]> Chapter B: Fun with Determinants

Chapter B: Fun with Determinants

We have discussed the determinant in Chapter 4 and again in Chapter 32 . We discussed several methods for computing determinants, which are not difficult in principle, but rather tedious to perform in practice, if you want to do them by hand.

Here we give some ideas which allow us to deduce the determinant of several special types of matrices (but ones that are occasionally useful) with less effort than it takes to write down the matrix.

We also present a curious formula involving determinants that was discovered by Lewis Carroll, the author of Alice in Wonderland, and a magical algorithm for computing determinants and even inverses based upon it, with almost no effort.

1 Some Easily Calculated Determinants. The VanderMonde Determinant

When a matrix has elements that are monomials or even polynomials in some set of variables, then its determinant will in general be a polynomial in those variables, and this is sometimes useful in evaluating it.

The prime example of this is what is called a VanderMonde matrix, whose rows (or if you prefer, columns) all have the form $( 1 , x j , x j 2 , x j 3 , … , x j n − 1 )$ for some $x j$ .

Here is an example of one

$( 1 2 4 1 3 9 1 4 16 )$

By the basic property of a determinant, that it is 0 if two of its rows are the same, we can deduce that determinant of a VanderMonde matrix will be 0 when any two of its rows are the same.

But that means that, as a polynomial, it must have $( x i − x j )$ as a factor, for every $i$ and $j$ .

This means that such a determinant must have $∏ ( x i − x j )$ as a factor, with the product here taken over all pairs of variables with $i > j$ .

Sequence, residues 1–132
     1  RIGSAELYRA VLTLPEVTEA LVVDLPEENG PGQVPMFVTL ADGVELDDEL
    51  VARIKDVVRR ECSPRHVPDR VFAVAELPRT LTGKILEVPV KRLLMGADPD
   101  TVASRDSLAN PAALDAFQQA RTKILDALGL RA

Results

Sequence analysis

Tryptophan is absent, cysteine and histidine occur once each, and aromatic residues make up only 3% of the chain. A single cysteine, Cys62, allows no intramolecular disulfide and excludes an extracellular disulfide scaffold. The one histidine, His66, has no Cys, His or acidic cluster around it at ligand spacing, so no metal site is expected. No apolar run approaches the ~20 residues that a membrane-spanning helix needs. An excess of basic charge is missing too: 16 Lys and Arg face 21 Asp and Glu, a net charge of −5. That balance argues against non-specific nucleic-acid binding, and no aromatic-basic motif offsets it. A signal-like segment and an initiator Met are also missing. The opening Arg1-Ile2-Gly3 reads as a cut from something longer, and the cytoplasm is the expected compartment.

This factor is already a polynomial of degree $n ( n − 1 ) 2$ (where we are dealing with an $n$ by $n$ matrix).

And what is the degree of our VanderMonde determinant as a polynomial?

Well, it is the sum of entries, each one of which has one factor from each column. Thus, as a polynomial, it has degrees $0 + 1 + ⋯ + n − 1$ , which is $n ( n − 1 ) 2$ .

And so, since we have seen that our determinant must have a factor of this degree, we have already evaluated our determinant as a polynomial, up to a constant factor.

And what is that constant? We can check it by looking at the main diagonal term: which is

$x 1 0 x 2 1 x 3 2 … x n n − 1$

and this is exactly what you get if you take the first (positive) terms in each factor of our product above.

Since these two terms have the same coefficient, 1, in both the determinant and the product, the product is the determinant, and that is our answer.

In our example, we can deduce immediately that the determinant is 2*1*1, or 2.

2 Another Easy Case: Cauchy's Determinant

Suppose we want the determinant of a matrix whose $( j , k )$ entry is $1 x j + y k$ .

Here is an example: for the $x$ values 1, 2, 4 and $y$ values 1, 2, 3

$( 1 / 2 1 / 3 1 / 4 1 / 3 1 / 4 1 / 5 1 / 5 1 / 6 1 / 7 )$

Now we don't have a polynomial, but rather have a rational function of our variables.